“I’m probably a little insensitive about this after my experience teaching in Taiwan and South Korea. After being told by parents to beat their kids if they don’t study; hear from parents who stay up drinking coffee so they can sit with their kids while they do their homework; talk to kids who are seniors in high school and will tell you that their only job in life is to get good grades; hear from folks (meaning, parents, friends, relatives) who tell their kids: sleep four hours, you pass, sleep five hours you fail; talk to parents who allocate a large percentage of the income on making sure the kid gets a good education, then, yeah, it is tough to be sensitive to educators and researchers who think there is a short-cut to kids getting a quality education”. —Casey Lartigue, former education-policy analyst with the Cato Institute

Black And Hispanic Business Leaders Support School Choice

The Tallahassee Democrat writes:

The Florida Black Chamber of Commerce and the Florida State Hispanic Chamber of Commerce support these programs because they empower traditionally underserved, low-income minority parents to provide a high-quality education for their children, and because they promote improvements in public school performance for all children, especially minority children….

As the economy continues to shift from physical labor needs to knowledge and expertise needs, our children’s future is increasingly dependent on the quality of education they receive.

Unfortunately, many minority and low-income parents underserved by public schools cannot afford to enroll their children in a school that better meets their needs. Their children are sentenced to limited opportunities for employment and little chance for a better life.

School choice in general and Opportunity Scholarships in particular provide effective solutions to some of the challenging problems facing minority and low-income families in Florida.

School choice is not about public vs. private or religious vs. secular. It is most fundamentally about empowering minority and low-income parents to provide a high-quality education for their children. It’s about leveling the playing field for people of lesser financial means, but high aspirations.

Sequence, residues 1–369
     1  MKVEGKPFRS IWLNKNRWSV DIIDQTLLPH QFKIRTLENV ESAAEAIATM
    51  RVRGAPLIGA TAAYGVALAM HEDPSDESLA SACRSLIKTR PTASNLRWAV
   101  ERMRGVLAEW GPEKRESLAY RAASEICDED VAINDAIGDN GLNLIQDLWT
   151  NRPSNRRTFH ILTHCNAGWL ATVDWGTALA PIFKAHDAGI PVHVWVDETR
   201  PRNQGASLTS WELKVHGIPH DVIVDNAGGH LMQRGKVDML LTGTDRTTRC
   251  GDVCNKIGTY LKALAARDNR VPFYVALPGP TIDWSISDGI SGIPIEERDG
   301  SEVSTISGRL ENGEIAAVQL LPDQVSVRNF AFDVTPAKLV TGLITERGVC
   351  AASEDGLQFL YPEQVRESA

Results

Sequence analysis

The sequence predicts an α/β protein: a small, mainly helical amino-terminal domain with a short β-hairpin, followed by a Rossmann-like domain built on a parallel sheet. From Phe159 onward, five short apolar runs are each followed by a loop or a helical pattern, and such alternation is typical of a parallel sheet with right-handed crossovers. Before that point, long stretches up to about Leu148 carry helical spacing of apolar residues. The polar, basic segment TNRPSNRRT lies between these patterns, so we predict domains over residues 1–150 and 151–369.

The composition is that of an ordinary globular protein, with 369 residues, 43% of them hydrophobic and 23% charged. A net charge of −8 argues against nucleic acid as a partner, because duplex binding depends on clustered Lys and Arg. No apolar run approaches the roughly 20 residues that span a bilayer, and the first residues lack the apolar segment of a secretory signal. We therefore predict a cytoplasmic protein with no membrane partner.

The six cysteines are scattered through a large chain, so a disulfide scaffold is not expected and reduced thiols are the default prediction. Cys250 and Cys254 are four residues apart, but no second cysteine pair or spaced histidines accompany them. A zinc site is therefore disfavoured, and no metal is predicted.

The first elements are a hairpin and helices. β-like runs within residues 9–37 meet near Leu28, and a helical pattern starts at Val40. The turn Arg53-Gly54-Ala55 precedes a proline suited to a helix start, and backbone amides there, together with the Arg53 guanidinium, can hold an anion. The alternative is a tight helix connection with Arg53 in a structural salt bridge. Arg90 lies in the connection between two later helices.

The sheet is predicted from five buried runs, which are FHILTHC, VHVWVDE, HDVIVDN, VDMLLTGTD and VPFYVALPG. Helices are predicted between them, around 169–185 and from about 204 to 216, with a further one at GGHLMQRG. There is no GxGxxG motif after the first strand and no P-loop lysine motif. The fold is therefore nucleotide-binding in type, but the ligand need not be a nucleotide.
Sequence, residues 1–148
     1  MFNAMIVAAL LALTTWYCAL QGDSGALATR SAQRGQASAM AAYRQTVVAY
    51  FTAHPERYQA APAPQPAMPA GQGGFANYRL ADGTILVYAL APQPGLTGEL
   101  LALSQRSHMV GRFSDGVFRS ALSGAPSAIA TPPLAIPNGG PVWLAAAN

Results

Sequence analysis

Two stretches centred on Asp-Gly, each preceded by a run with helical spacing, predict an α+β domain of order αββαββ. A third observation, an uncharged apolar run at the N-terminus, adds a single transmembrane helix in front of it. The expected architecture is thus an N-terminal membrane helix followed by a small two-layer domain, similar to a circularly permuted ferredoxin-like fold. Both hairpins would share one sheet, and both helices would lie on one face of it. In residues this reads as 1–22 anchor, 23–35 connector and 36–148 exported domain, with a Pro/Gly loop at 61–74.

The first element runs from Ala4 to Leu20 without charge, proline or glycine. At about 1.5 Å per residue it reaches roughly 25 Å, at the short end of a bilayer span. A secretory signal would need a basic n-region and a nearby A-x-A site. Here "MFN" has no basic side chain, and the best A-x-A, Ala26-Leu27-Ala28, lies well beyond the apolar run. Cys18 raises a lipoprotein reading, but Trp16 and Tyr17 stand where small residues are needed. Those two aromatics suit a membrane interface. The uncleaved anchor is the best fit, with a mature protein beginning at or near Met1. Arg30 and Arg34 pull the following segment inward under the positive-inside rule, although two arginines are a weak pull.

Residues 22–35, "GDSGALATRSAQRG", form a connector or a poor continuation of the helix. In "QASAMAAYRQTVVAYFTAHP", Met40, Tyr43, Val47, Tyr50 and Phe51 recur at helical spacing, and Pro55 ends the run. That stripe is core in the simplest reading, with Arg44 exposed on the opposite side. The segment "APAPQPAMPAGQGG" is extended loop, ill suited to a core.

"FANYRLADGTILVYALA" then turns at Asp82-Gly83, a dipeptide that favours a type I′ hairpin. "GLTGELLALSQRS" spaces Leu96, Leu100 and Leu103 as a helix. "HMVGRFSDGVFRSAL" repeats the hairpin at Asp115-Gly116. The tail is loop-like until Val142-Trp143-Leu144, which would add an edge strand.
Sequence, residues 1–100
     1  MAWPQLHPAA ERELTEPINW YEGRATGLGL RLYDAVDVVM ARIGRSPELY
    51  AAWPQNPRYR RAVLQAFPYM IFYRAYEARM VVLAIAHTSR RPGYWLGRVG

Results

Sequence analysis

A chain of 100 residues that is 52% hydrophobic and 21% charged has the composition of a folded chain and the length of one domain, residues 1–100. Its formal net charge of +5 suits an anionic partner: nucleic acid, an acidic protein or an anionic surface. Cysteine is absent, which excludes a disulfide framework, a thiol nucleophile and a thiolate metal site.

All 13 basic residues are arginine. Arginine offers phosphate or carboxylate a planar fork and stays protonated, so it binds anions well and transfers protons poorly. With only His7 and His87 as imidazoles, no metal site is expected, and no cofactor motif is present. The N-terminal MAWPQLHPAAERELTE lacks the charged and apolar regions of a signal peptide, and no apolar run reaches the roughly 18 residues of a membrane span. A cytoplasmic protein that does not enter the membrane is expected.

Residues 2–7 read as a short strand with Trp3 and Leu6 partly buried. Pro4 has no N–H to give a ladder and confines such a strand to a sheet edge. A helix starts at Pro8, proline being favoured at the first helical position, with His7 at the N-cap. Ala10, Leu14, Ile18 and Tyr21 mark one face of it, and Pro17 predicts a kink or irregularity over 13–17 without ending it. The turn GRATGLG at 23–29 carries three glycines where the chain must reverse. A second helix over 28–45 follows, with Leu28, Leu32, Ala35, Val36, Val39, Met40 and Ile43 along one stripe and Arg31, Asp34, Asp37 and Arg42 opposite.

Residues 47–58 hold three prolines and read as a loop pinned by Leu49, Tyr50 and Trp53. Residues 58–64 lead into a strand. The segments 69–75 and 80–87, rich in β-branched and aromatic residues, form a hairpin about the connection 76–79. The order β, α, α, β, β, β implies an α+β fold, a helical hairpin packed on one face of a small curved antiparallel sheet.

School choice programs are tools for the improvement of all forms of education – public and private, religious and secular – and have been proven to increase the performance of public education.

In 2003, a U.S. school choice and school competition study by Harvard University economist Caroline Hoxby concluded that “Public schools do respond constructively to competition, by raising their achievement and productivity.” It found that “Students’ achievement generally does rise when they attend voucher or charter schools.”

Also in 2003, a Florida A+ Opportunity Scholarship program study by Manhattan Institute Senior Fellow Jay Greene showed that “low-performing schools facing a greater degree of threat from voucher competition made better improvements than low-performing schools facing a lesser degree of threat from vouchers.”

Moreover, the study found that most of Florida’s voucher students were poor and minorities. It would be most unfortunate for our communities if the Florida Supreme Court rules against proven tools that will ultimately enable our children to achieve a higher standard of living and our state a more prosperous economy.

The article was written by Ed Rodriguez, chairman of the Florida Black Chamber of Commerce and Julio Fuentes, president of the Florida State Hispanic Chamber of Commerce.

Link via AConstrainedVision who has more.

Quote Of The Day

“I think the evidence is very strong that family background is a major predictor of future behavior of children. So a disproportionate number of problem kids come from disadvantaged families. The simple economics of intervention therefore suggests that society should focus its investment where it’s likely to have very high returns. Right now, that is the disadvantaged population”. —Interview with James J. Heckman, Nobel Prize in Economic Sciences, 2000

The Right Way To Deregulate Electricity

Vernon Smith, professor at George Mason and a 2002 Nobel laureate in economics, writes:

Many foreign countries–the U.K., Chile, Australia and New Zealand–have managed to liberalize electricity systems. There are no regrets in spite of mistakes, backsliding and learning bumps. Liberalization occurred because both U.S.-style regulation and foreign nationalization programs were judged serious failures.

How to do it you ask? The article is too long and too intertwined to quote in pieces, go here to read it in full (free registration may be required).

Quote Of The Day